15. #65
    Senior Member YamiRider1316's Avatar
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    yeti? maybe?

    So I'm starting to think real hard on purchasing a 11' yeti sb66 frame.

    http://www.jensonusa.com/store/produ...+Frame+11.aspx

    Anybody have any experience with the Yetis? Its got all the specs that i need er want iscg tabs, 150mm travel, 12x142 axle. Theres no dealers locally so I wont have a chance to ride one till the next time I'm in sac but the few people I have spoken with that ride them LOVE them. It also has pretty killer reviews.

    Any thoughts? Other frames I should consider? Was checkin the mojo HD as well which would be great except no iscg tabs and i wreck a lot so carbon probably isnt the best bet.

  16. #66
    Senior Member YamiRider1316's Avatar
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    Quote Originally Posted by ESW116 View Post
    Looking for a beginner trail hardtail. Sub $800 budget. Happy to try out all kinds of different brands. But I definitely want something that can go on some harder trails, i.e not something that's more like a hybrid, if that helps.
    Trek Mamba 29er. Little over 800 but not much.
    Last edited by ed; 09-22-11 at 08:07 PM.

  17. #67
    Pint-Sized Gnar Shredder Zephyr11's Avatar
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    I really don't think you'll be disappointed. In either bike, really. Yetis kick all kinds of ass, and the SB66 looks amazing. Mojos are supposed to be super sweet too. I wouldn't worry about breaking the Mojo's frame either. Brian Lopes rides a Mojo, and I'm guessing he's probably harder on his bike than you are.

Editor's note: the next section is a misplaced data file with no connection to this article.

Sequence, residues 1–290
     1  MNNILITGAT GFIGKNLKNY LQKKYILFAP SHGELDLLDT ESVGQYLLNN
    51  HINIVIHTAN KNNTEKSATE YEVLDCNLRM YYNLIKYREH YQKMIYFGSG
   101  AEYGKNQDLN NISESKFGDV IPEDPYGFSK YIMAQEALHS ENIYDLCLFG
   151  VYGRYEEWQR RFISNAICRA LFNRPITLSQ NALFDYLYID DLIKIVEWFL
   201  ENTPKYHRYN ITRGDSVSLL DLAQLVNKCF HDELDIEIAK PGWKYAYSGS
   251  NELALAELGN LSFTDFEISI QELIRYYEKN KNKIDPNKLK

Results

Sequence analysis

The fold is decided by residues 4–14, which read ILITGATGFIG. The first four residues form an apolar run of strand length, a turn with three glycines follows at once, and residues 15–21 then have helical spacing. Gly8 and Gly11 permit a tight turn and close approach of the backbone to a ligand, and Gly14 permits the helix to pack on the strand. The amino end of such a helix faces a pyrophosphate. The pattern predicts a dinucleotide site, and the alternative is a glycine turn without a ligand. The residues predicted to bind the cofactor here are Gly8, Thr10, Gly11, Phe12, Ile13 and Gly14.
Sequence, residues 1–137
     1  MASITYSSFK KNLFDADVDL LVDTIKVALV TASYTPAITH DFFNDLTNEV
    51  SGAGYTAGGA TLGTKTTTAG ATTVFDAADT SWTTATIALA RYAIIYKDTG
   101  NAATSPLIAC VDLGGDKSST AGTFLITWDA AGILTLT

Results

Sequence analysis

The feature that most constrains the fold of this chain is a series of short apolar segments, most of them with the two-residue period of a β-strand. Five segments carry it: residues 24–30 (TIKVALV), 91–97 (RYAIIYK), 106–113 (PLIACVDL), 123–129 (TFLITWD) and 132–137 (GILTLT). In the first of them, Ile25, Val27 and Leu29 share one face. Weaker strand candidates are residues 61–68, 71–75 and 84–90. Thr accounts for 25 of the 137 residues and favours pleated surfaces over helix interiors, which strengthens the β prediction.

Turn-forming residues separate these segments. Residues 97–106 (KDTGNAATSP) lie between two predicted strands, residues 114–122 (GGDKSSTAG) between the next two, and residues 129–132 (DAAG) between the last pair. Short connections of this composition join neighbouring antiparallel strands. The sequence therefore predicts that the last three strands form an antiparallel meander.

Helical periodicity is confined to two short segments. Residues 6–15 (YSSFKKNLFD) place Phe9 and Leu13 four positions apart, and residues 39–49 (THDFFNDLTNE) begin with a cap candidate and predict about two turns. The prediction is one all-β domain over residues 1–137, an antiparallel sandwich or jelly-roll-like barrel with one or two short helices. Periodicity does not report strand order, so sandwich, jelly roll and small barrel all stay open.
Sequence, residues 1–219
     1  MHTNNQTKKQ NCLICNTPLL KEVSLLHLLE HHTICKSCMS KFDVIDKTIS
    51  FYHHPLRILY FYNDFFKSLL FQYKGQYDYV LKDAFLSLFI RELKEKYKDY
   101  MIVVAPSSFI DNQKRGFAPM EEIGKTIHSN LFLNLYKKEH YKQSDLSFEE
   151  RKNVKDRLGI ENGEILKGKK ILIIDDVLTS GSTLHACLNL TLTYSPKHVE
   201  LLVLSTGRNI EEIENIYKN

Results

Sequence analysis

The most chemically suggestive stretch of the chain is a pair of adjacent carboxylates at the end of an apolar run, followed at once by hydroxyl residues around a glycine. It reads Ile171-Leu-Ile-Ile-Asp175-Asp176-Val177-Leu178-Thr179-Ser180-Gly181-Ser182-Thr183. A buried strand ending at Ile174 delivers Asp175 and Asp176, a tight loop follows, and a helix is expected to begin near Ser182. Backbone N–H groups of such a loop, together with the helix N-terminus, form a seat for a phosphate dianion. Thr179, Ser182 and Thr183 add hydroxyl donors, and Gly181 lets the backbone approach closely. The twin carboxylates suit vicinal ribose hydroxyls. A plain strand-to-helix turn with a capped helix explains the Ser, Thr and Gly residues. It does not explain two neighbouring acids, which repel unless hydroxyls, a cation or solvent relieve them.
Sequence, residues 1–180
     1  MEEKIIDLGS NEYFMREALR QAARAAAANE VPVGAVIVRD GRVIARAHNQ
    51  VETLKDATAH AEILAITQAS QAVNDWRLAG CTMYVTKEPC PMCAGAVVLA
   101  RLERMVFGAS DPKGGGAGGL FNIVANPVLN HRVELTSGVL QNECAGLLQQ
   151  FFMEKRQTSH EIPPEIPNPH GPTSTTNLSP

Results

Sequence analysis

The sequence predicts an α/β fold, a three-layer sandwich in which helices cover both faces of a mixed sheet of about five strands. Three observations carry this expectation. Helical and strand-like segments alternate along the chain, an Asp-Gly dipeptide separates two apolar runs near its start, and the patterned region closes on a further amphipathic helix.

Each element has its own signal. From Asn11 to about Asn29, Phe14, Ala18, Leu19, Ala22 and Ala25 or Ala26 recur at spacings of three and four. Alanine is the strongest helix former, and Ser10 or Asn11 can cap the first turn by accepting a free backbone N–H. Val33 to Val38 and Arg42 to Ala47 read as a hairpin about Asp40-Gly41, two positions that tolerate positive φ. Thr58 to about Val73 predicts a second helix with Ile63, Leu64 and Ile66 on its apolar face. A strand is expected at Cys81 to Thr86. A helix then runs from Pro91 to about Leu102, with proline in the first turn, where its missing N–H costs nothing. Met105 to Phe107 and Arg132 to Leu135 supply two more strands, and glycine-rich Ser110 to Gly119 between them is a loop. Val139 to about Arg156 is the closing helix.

18. #68
    In search of moar cowbell dminor's Avatar
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    I am totally, completely sold on Yeti. And NOT just because they are a sponsor ; I pursued them - - twice - - because I was so stoked on the company and the products. More recently, I came back after a hiatus with another company and have never regretted the move.

    The SB66 is on my short list when it comes time to finally jettison my mish-mash of cobbled, second-hand trailbikes and get a brand-spanking-new full-suspension. It has even supplanted my longstanding lust for a 575 and, for me anyway, edges out the Seven as well (much as love the concept of that bike).

    The fit-and-finish of a Yeti is second to none, their innovations are well-engineered and -thought out and they are tough as hell. I have owned three Yetis: an AS-X that I got back in '05; my current DH bike, a 303R; and my Dirt Jumper - - and I got all of them without having a chance to ride one first. I leaned heavily on Yeti's exemplary reputation and was never disappointed.
    Last edited by dminor; 09-22-11 at 05:35 PM.

  19. #69
    Pint-Sized Gnar Shredder Zephyr11's Avatar
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    ^ Another thing, Yeti's customer service is great too. I called them with questions about an AS-R, and they told me to stop by the office after work to try one out. Probably had to stay late on a Friday to wait for me too. They had one sitting there for me when I arrived, and told me to bring it back on Monday. Obviously if you're in CA that won't be happening, though if you want, you can always see if there's a demo day somewhere close by.

  20. #70
    one less horse cryptid01's Avatar
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    dminor, what else is on your short list? I really like the SB66 because of its purported climbing prowess, weight (6lbs for the carbon version!), and level of craftsmanship. However it's longer (wheelbase, top tube, and most critically chainstays) with a higher bb than my 05 SX Trail.

    p.s. is this conversation really aligned with the intended purpose of this thread?
    Last edited by cryptid01; 09-22-11 at 06:30 PM.

  21. #71
    ed
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    Quote Originally Posted by ESW116 View Post
    Test rode a Specialized Hardrock and a Jamis Durango today. Have to say, the Hardrock felt quite a bit better, particularly the brakes.